At the same time we are idea factories. Our brains make all these ideas, that all flow together, like rivers do, into our seas of wonder. The more ideas we make, the more fresh water our wonder will get. But because of the continuity our social behavior creates, we get connected to rivers of ideas that belong to our entire species’s history: humanity! We inherit this geography of humanity’s entire knowledge from the human peers that groom us for the life among the living
Some rivers of ideas are so old, much older than one human will ever be, they dug huge canyons in the plateaus of facts and in the the mountains of misunderstandings. Some of these canyons are dry, no ideas flow through them for centuries but they still are deep cracks in the way we see the facts and connect the misunderstandings.
The there is one such canyon that is so deep and so long it basically allows one to live off intellectual tourism to it: the nature versus nurture debate. It was once a river of ideas, fast and swift in its flow, with frothy little cascades here and there, ever since we’ve moved our eyes towards the heavens at night and wondered what does that twinkling light could be, or that blue gem sitting proudly next to the shiny circle that kept us safe at night. So we began to create culture, because that is what we do when take sail on our inner seas of wonder.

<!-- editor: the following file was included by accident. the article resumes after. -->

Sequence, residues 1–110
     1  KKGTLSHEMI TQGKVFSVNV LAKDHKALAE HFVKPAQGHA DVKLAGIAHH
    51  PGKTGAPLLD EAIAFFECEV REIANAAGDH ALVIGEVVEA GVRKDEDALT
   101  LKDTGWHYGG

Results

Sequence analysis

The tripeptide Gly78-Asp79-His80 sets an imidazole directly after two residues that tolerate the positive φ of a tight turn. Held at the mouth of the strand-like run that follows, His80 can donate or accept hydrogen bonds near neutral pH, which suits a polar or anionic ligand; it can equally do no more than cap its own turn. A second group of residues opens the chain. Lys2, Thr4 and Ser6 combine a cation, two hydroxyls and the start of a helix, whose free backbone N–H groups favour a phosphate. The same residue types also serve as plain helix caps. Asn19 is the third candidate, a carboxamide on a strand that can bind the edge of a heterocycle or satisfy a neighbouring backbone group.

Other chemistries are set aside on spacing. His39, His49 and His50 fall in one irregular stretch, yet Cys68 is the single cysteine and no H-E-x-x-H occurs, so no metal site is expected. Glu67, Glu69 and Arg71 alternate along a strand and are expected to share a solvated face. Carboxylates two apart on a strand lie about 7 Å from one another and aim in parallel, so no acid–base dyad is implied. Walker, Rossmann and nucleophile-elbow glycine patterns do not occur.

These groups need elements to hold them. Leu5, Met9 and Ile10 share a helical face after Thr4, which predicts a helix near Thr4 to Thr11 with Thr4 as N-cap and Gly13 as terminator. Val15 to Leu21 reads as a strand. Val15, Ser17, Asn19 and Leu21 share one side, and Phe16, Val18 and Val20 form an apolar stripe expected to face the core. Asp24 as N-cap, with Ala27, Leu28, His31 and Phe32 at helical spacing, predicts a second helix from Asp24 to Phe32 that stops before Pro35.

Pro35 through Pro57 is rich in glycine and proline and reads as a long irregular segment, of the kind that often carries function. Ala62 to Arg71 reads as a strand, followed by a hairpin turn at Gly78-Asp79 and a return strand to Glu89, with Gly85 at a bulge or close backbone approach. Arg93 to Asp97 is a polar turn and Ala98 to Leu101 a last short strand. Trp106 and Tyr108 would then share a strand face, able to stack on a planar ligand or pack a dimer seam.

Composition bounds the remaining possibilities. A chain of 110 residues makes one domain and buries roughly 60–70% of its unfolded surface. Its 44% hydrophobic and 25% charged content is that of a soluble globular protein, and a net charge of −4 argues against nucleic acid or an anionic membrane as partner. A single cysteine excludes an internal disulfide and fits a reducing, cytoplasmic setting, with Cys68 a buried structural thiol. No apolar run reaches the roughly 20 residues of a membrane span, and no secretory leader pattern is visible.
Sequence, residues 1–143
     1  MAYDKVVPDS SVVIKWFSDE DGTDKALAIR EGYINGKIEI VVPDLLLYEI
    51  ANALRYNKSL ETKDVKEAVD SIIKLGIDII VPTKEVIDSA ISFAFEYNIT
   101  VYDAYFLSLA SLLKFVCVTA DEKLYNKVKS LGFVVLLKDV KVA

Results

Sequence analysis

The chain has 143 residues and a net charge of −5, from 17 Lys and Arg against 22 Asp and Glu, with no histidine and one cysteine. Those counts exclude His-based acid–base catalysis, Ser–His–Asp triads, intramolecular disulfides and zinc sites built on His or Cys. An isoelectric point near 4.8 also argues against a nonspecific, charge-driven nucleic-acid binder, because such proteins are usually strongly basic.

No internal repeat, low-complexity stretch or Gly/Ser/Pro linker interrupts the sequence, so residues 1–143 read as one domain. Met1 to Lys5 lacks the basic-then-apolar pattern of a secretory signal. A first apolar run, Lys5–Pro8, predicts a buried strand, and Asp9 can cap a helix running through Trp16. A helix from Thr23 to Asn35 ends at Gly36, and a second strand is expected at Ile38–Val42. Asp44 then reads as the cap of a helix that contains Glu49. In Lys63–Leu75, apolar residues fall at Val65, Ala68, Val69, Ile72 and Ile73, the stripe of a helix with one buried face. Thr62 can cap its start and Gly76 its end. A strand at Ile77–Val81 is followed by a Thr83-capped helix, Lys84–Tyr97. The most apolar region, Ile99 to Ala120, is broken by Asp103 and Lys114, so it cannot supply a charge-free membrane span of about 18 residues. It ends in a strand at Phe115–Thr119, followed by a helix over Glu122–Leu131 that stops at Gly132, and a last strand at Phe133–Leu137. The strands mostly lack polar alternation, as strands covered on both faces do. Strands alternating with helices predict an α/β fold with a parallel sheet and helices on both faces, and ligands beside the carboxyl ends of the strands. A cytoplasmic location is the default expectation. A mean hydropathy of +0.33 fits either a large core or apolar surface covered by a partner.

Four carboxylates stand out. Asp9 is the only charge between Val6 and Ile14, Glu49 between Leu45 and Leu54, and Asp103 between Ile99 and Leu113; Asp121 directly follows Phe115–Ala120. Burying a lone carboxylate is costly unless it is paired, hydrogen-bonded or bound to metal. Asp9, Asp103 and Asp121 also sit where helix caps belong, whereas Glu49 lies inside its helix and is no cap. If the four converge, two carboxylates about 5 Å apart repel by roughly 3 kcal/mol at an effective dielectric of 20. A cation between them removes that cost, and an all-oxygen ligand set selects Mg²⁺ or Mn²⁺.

In essence, what we call nurture is our mirrored selves, our mirrored creation, the effort we make to rise as high as required to be the giants our future generations will stay on. What we call nurture is the collective reliance on our ancestor’s best guess, which we call wisdom, but which is seldom so. Nurture is the the screen saver that shows up in our minds where we’re not working on it consciously. Alas, we can only think about nurture like this, just like I am doing here, writing this.
But we feel nurture differently.
We feel as if it is our creation, our brainchild, the thing which we “teach” others to be, or the thing they are “taught” to be by their experience. We separate it and cherish it so dearly. But this separation is false.
Nurture is a mere side effect of nature.
Nature is the all encompassing circle of effects of existing as a living aware being, including nurture. You cannot have a score board between the two, because nurture is nature, just retrofitted with the models our brains require to predict what’s next. Nurture is nature with bells and whistles. We sure like bells and whistles. But take them out and nurture is just plain old nature.
See the paragraphs of words above all written as metaphors? As you see you need not talent to make metaphors, we all do it.